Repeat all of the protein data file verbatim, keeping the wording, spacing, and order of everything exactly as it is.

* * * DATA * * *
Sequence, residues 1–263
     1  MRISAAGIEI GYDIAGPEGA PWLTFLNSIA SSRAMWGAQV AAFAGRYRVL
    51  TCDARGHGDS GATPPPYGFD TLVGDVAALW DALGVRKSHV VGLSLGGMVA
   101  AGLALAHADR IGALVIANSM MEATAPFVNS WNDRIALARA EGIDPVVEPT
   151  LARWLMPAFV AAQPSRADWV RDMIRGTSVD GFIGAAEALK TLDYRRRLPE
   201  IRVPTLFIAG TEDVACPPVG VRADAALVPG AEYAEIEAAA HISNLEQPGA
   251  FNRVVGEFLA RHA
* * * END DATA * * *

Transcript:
Sequence, residues 1–263
     1  MRISAAGIEI GYDIAGPEGA PWLTFLNSIA SSRAMWGAQV AAFAGRYRVL
    51  TCDARGHGDS GATPPPYGFD TLVGDVAALW DALGVRKSHV VGLSLGGMVA
   101  AGLALAHADR IGALVIANSM MEATAPFVNS WNDRIALARA EGIDPVVEPT
   151  LARWLMPAFV AAQPSRADWV RDMIRGTSVD GFIGAAEALK TLDYRRRLPE
   201  IRVPTLFIAG TEDVACPPVG VRADAALVPG AEYAEIEAAA HISNLEQPGA
   251  FNRVVGEFLA RHA